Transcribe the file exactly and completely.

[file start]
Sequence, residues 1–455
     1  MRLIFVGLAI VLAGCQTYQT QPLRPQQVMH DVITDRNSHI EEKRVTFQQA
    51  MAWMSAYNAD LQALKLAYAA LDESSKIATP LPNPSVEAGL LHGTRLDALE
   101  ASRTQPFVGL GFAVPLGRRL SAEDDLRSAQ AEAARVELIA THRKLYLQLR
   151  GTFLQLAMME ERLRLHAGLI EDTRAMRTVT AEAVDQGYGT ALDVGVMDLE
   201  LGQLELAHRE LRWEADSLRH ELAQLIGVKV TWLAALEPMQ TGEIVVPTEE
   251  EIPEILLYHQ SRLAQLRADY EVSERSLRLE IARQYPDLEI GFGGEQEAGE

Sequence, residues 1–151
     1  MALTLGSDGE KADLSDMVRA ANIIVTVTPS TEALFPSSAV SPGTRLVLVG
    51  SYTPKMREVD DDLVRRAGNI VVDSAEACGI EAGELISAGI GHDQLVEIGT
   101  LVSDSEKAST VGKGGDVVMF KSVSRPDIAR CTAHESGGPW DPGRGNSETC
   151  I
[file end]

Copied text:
Sequence, residues 1–455
     1  MRLIFVGLAI VLAGCQTYQT QPLRPQQVMH DVITDRNSHI EEKRVTFQQA
    51  MAWMSAYNAD LQALKLAYAA LDESSKIATP LPNPSVEAGL LHGTRLDALE
   101  ASRTQPFVGL GFAVPLGRRL SAEDDLRSAQ AEAARVELIA THRKLYLQLR
   151  GTFLQLAMME ERLRLHAGLI EDTRAMRTVT AEAVDQGYGT ALDVGVMDLE
   201  LGQLELAHRE LRWEADSLRH ELAQLIGVKV TWLAALEPMQ TGEIVVPTEE
   251  EIPEILLYHQ SRLAQLRADY EVSERSLRLE IARQYPDLEI GFGGEQEAGE

Sequence, residues 1–151
     1  MALTLGSDGE KADLSDMVRA ANIIVTVTPS TEALFPSSAV SPGTRLVLVG
    51  SYTPKMREVD DDLVRRAGNI VVDSAEACGI EAGELISAGI GHDQLVEIGT
   101  LVSDSEKAST VGKGGDVVMF KSVSRPDIAR CTAHESGGPW DPGRGNSETC
   151  I